From the memorandum of the district court, it is clear that the trial judge found that Graham was not attempting the circle to land approach on the night of the accident. While the court thought it plausible that Graham was attempting this illicit procedure as allegedly conditioned to do so by the controllers, the judge determined that Plaintiffs did "not provide[ ] sufficient evidence that this theory is more plausible than any number of alternate theories presented by the Defendant, all of which suggest no negligence on the part of air traffic controllers." (D.Ct.Op. of Aug. 6, 1993 at 5, 1993 WL 316232).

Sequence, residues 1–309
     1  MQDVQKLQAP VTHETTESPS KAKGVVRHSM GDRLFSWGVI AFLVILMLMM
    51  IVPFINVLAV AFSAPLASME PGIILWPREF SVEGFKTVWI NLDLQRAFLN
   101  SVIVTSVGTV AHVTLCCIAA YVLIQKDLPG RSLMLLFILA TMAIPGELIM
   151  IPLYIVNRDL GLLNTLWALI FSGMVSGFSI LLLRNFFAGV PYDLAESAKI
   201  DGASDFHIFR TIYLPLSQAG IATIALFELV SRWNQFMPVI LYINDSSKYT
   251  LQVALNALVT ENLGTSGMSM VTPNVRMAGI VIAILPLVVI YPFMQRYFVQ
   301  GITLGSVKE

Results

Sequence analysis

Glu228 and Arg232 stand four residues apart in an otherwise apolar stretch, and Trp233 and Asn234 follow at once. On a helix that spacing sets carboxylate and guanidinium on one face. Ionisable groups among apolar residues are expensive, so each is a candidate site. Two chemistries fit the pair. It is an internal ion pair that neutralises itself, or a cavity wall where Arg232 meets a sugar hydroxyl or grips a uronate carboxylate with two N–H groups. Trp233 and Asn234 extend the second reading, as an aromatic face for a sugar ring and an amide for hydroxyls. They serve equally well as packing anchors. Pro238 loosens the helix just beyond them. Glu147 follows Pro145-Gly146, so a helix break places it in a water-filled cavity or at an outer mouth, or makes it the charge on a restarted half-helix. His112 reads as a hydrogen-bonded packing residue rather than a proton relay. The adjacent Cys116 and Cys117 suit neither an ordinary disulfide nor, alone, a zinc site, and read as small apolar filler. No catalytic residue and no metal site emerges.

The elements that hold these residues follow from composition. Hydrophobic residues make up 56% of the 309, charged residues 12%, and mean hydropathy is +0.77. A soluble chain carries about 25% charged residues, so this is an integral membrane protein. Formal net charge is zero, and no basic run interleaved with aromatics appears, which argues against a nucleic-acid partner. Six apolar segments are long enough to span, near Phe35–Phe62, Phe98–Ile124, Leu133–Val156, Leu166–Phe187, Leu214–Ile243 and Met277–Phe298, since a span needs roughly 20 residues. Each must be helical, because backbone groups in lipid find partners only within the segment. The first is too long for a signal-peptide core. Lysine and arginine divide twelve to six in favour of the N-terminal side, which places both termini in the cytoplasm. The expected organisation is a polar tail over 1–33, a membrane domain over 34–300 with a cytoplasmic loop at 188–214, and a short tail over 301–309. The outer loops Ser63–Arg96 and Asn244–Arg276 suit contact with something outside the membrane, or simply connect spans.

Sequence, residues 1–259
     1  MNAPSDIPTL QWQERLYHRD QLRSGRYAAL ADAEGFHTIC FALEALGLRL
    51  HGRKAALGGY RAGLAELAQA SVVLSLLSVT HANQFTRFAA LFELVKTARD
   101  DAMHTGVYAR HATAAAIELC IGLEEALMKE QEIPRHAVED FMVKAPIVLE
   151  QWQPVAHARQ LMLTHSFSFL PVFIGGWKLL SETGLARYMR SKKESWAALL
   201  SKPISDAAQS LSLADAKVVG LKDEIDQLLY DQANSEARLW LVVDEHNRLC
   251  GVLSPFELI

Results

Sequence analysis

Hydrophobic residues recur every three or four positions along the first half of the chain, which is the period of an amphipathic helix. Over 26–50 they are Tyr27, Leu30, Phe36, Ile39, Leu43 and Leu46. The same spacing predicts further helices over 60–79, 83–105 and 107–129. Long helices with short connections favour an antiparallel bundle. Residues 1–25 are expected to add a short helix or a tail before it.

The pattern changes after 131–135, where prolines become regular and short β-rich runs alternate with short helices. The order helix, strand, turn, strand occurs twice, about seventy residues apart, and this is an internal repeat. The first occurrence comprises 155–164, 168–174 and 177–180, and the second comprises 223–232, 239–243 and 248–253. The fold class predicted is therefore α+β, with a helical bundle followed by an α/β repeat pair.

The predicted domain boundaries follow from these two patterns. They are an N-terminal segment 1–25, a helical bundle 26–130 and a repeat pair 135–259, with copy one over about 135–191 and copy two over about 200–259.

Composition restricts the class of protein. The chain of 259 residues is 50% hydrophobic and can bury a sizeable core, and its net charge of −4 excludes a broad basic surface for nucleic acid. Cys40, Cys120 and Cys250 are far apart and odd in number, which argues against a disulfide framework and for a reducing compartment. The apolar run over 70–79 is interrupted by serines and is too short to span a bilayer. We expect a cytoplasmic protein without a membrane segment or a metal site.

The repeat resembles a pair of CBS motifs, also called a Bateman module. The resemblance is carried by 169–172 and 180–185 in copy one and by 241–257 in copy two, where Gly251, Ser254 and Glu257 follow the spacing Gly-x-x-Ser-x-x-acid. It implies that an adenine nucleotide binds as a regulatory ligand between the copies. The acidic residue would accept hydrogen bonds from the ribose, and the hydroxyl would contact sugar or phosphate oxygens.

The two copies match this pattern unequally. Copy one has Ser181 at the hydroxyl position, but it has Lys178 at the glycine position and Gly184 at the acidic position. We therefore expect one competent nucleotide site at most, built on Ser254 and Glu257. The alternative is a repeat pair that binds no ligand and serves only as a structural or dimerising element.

In support of its conclusion that Graham was not attempting the illegal approach, the district court observed that pilots are trained to follow the missed approach procedure upon missing an approach. The evidence was undisputed that Snyder instructed Graham to "contact Travis departure." This transmission implicitly instructed Graham to fly the missed approach procedure and raised the inference that Graham declared a missed approach. Additionally, Snyder testified that Graham declared a missed approach and did not request new clearance to land. It was undisputed that pilots attempting the illegal landing always requested new clearance before attempting it. Moreover, there was testimony that the flight path, location, configuration, position and altitude of the Baron just after missing the approach to 19R were inconsistent with a circle-to-land approach and were not inconsistent with a Beech Baron aircraft generally executing the missed approach procedure.